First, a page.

We have short attention spans and shorter memories. That serves politicians well but it makes bad policy.
Say, for example, you decided to run for President of the United States but you pulled a really stupid college-style prank, like plagiarizing someone else’s work, that makes you ethically ineligible for the presidency when the story gets out. If you’re lucky, voters and even journalists who investigate the backgrounds of candidates might well forget your indiscretion a few decades later and you could end up, say, in the White House a heartbeat away from the Oval Office. You just never know in politics. Yesterday’s bum steer could end up today’s political sacred cow.
Take Obamacare. Please.
Way back in 2010, the public furor over the passage of the Affordable Care Act meant that some legislators were afraid to go home on break. Representatives’ offices were picketed, windows broken, personal safety threatened. Citizens were very unhappy with the ACA’s mandatory coverage and legislated benefits packages that didn’t suit their needs and cost more than their current policies that allowed them to keep their plans and their doctors.
How unhappy were they?
As the October 2013 rollout approached, one health insurance company required training for their call center employees to teach them how to calm down member subscribers. The insurer ordered the training because it knew that it would be sending out letters terminating current policies and replacing them with more expensive, government-mandated ones. They anticipated the tears and anger, and put call center employees through sensitivity training to handle distraught customers. That company knew well before the ACA launched that people could not keep their plans or their doctors, and that their rates would skyrocket to make up for it. The people who wrote the law, promoted it and voted for it probably knew, too. If they didn’t, they should have been fired.
Oh, wait! They were.
And here we are, in the land of Repeal and Replace.
In an administration where each new regulation requires that two are de-commissioned, we can expect a flurry of confusion from an industry that operates on auto-respond to commands from DC. While healthcare doesn’t like having to zig and zag to expensive orders from DC, providers, insurers, patients, drug and device manufacturers and even IT companies are used to reacting to dicta from federal regulatory agencies.
The most widely, publicly discussed aspects of the ACA pertain to patient coverage. The public is concerned, and understandably so, about the fate of mandatory coverage for pre-existing conditions and the 26-year-old dependent coverage clause. Everyone is required to have coverage so those who flat-out can’t afford it get subsidized. Those who flat-out can’t afford it and don’t meet the income thresholds for a subsidy pay a penalty. Part of Repeal-and-Replace is figuring out how to address the grievances of those who haven’t fared as well under ObamaCare as they did under their former policies, and assuage those who have benefitted. It’s a job fit for a politician. Other normal humans would not want to find themselves between that particular rock and hard place.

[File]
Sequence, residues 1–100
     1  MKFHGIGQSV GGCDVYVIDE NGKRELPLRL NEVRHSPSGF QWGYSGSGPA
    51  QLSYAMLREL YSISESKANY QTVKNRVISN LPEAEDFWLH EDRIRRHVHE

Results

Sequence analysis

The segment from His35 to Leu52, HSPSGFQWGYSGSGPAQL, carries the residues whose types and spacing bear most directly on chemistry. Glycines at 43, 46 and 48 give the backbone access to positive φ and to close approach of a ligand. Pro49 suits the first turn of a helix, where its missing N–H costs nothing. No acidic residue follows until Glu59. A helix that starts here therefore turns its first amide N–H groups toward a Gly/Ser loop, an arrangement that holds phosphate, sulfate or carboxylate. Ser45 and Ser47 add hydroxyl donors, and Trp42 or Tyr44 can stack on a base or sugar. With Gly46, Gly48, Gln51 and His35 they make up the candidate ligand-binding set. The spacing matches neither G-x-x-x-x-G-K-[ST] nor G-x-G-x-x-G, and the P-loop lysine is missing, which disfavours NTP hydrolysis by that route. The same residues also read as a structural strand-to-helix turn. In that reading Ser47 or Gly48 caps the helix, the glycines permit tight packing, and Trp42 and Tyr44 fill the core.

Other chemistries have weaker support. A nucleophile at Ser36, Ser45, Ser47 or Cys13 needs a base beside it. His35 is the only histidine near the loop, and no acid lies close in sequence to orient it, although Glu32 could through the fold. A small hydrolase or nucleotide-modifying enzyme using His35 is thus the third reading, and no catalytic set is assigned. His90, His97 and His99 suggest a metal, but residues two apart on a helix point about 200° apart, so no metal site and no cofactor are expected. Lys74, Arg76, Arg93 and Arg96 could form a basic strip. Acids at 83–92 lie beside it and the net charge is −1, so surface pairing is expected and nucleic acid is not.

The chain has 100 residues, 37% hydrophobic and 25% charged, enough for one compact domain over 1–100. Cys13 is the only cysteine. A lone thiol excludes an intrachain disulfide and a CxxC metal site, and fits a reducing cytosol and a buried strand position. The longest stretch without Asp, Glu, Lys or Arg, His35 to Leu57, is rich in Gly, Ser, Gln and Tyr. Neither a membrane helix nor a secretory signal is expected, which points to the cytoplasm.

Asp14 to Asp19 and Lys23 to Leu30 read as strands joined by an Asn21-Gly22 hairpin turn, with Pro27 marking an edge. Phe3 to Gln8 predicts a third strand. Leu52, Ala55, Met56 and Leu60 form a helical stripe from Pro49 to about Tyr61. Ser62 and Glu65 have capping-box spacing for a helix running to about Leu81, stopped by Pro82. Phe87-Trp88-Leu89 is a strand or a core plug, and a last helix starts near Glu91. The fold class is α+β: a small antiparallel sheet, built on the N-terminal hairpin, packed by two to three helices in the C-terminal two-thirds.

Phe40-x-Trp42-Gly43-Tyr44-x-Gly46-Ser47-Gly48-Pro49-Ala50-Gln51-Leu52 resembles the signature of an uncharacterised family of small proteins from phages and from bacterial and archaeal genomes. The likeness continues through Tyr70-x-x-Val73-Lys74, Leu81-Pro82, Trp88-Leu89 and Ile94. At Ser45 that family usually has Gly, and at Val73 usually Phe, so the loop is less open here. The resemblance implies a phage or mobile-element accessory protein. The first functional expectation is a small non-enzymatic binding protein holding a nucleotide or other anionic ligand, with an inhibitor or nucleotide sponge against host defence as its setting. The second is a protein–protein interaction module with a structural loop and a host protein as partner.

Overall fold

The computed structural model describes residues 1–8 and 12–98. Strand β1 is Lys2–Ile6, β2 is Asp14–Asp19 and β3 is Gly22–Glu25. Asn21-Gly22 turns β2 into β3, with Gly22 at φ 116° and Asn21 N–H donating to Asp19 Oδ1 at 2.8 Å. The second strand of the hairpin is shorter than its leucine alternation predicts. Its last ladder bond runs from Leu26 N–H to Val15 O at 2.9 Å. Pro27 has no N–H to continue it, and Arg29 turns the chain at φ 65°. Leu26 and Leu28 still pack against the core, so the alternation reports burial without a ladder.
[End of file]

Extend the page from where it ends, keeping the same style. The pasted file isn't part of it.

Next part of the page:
On to the other aspects of Repeal and Replace, those aspects that affect the way the healthcare industry operates and gets paid. What happens to an industry when the regulatory bonds are loosed?
Under the ACA and other related legislation that support various facets the healthcare industry overhaul, doctors face new reimbursement models starting this year based on certain performance targets with rules so arcane that most did not even know late last year that they were subject to the new payment system called MACRA. Other laws resulted in providers and hospitals installing electronic record systems trying to catch the Meaningful Use stagecoach to reach reimbursement targets. Meanwhile, many doctors complained those same mandated electronic records systems were detracting from patient care.
On other fronts, providers are wondering what will happen to accountable care organizations, a concept best achieved with great data capture and analytics that rely on the integrity of the aforementioned electronic health record. Speculation abounds about the fate of other ACA spawn, such as bundled care payments, care coordination and value-based payment models that attempt to support population health in an effort to control costs.
Finally, when President Trump told a joint session of Congress this week that he wants to loosen the reins on the FDA approval process, you could almost hear a little cheer go up from the pharmaceutical industry. But in the next breath, when he mentioned cutting price deals with drug companies, you got murmuring from the same quarter.
Certainly, many ACA and ACA-spawn initiatives have philosophical merit, as well as their defenders and detractors. The question before the healthcare industry now asks whether an affordable healthcare system can best be reached with less government over-reach?
The answer lies in whether initiatives that are rolled out naturally as a consequence of their merit will lower costs, improve outcomes and increase access, and can do so without adding a regulatory timeline or requiring an outlay of billions of dollars on the part of the government or the health systems that have to dance to the piper’s tune.